Levin and Barowitz and Schwartz, oh my! What is this, a Catskills review? As one old joke has it, Quaker schools are where Episcopal teachers teach Jewish students. Except the Episcopal teachers have pretty much disappeared. All of which raises the question: given the strong Jewish tradition of imitating Hitler in order to mock him, a tradition that runs from Kubrick through Mel Brooks (with Paul Mazursky) and Barry Levinson (with Mel Brooks) and Zero Mostel and Gene Wilder and Jerry Seinfeld and beyond, with permission extended to haimish Gentiles including Ricky Gervais—given the fact that the Sieg Heil has proven itself one of the funniest and most enduring gestures in post-war Anglo-American comedy—why was anyone exercised by a Jewish teacher making that joke?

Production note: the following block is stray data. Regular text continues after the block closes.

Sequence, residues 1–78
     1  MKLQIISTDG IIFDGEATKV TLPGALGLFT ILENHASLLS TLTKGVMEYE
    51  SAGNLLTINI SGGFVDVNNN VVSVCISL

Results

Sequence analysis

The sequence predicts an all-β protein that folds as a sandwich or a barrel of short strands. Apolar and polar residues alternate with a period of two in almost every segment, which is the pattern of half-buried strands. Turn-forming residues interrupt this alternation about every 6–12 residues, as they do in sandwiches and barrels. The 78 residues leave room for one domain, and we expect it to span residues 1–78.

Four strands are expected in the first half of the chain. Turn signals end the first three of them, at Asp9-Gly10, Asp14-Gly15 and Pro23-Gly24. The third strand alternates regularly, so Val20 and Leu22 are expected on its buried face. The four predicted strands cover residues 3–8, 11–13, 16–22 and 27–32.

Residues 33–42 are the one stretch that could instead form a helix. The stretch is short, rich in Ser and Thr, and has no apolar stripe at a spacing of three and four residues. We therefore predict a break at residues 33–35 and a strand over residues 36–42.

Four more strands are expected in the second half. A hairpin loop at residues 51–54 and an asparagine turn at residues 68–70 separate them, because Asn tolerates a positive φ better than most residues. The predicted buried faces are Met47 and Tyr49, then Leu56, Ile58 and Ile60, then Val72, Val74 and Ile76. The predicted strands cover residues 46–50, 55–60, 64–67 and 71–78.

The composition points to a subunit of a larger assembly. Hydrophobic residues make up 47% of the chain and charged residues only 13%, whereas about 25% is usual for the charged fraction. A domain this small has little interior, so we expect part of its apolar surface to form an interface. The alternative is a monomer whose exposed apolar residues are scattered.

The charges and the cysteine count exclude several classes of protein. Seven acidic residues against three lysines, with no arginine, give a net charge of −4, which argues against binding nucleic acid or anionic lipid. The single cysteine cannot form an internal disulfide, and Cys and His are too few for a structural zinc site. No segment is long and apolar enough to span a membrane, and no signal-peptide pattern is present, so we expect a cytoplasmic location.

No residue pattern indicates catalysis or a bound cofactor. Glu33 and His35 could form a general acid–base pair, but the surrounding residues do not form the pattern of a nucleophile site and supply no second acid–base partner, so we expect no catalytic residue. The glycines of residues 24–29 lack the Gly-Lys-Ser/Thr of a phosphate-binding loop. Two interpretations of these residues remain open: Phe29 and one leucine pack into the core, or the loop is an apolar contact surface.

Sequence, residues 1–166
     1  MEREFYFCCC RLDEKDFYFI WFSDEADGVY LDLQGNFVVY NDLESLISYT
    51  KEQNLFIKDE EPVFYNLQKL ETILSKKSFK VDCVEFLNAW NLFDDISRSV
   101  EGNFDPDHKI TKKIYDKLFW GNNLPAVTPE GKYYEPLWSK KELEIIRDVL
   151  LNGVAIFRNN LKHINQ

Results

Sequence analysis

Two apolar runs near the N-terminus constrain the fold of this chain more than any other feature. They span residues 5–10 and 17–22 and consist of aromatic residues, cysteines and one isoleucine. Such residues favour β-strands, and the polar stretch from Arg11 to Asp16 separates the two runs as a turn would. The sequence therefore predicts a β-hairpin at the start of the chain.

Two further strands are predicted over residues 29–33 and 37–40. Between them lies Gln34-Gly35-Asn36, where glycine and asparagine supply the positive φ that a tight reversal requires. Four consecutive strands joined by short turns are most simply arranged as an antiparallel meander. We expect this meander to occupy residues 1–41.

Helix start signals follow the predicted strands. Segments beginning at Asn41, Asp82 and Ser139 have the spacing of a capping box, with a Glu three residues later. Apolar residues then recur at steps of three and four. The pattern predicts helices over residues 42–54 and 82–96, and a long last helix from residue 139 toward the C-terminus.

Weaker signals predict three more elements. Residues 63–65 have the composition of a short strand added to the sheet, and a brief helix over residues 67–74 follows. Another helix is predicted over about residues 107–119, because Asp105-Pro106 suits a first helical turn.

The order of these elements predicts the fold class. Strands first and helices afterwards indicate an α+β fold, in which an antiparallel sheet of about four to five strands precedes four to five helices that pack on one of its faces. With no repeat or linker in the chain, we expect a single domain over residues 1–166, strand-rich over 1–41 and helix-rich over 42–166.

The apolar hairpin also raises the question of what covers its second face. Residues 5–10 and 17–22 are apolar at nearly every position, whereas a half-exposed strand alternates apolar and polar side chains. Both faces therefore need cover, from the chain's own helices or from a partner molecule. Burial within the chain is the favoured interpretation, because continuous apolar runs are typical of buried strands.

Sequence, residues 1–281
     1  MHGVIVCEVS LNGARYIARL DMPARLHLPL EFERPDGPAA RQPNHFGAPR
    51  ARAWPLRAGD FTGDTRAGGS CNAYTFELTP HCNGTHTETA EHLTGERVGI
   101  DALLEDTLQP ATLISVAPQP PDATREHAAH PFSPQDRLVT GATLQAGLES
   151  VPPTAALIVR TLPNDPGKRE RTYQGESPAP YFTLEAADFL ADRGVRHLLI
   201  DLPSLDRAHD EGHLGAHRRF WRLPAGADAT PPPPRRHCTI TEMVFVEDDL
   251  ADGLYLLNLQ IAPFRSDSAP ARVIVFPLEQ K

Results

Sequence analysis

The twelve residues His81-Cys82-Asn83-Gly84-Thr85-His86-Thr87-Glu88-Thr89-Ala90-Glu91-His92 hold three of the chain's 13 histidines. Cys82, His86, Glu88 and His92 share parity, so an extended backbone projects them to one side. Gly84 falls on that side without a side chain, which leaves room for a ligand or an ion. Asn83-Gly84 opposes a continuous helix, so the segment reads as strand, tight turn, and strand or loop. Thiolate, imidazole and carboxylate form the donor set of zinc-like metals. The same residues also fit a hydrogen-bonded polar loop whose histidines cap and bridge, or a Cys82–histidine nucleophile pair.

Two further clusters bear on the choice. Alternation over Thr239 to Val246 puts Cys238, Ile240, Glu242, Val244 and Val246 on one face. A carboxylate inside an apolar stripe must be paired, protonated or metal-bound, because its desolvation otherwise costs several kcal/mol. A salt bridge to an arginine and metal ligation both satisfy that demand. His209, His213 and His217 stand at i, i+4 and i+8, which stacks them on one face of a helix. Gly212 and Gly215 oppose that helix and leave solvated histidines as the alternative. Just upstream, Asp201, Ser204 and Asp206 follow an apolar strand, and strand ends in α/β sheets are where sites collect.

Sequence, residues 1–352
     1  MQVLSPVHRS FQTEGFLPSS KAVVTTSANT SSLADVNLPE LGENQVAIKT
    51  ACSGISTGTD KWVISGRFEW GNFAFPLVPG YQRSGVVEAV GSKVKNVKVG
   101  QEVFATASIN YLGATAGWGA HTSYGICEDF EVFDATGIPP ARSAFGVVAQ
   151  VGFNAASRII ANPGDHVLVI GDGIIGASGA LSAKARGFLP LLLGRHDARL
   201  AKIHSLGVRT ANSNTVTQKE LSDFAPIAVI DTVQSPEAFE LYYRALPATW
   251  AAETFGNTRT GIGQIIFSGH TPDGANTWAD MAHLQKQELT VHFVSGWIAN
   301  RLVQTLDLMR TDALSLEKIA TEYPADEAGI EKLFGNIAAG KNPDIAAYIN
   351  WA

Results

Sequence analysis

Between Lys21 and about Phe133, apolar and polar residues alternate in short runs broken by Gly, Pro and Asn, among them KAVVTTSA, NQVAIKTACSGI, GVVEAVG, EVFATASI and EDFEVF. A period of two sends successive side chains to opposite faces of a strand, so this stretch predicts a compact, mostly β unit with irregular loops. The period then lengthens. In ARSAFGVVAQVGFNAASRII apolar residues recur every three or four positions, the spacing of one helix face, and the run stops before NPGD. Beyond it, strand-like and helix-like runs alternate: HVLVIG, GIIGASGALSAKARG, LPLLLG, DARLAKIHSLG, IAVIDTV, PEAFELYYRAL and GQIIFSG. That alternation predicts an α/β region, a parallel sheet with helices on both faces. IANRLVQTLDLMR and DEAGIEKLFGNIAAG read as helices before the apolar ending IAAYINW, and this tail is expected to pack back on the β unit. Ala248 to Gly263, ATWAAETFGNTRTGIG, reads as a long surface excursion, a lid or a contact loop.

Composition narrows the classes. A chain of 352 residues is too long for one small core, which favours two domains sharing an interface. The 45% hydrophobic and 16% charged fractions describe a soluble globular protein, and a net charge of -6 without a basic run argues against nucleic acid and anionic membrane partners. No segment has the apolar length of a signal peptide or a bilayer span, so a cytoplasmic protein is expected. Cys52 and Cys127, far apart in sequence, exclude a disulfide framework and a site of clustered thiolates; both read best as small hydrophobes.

The simple answer has something to do with the political culture of 2018, where the urge to take offense, or to fake-take offense to prospectively be on the right side of those who might take offense, guarantees regular, thoughtless, itchy-trigger-finger pink-slipping. But a deeper, more troubling answer is that well-meaning philo-Semites and assimilated Jews, the kind of people who run schools like Friends Seminary, have more respect for imagined Jewish sensitivities than for Jews’ actual history and culture. (I so far have not reached school principal Bo Lauder.) The administrators will fire a Jew who made a joke—a Jew who lost family in the Holocaust—rather than reckon with the comedic tradition he was entering, one of his oppressed people’s timeless survival strategies, one of its lasting gifts to the countries that gave them refuge. We Jews survive because of Hitler jokes, and other similar jokes. If Friends Seminary truly wanted to honor Jewish sensibilities, it would have made Mr. Frisch the grand marshal of a Jewish-comedy film festival.